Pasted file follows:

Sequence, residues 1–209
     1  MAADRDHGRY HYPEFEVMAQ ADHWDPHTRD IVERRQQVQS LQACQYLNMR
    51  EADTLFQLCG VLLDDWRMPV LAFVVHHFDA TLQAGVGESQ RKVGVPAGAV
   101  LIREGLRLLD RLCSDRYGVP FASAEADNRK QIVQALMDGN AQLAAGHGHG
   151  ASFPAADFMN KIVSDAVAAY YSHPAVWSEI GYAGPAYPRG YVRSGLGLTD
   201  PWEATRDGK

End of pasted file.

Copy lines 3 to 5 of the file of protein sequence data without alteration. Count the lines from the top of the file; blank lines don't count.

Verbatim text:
    51  EADTLFQLCG VLLDDWRMPV LAFVVHHFDA TLQAGVGESQ RKVGVPAGAV
   101  LIREGLRLLD RLCSDRYGVP FASAEADNRK QIVQALMDGN AQLAAGHGHG
   151  ASFPAADFMN KIVSDAVAAY YSHPAVWSEI GYAGPAYPRG YVRSGLGLTD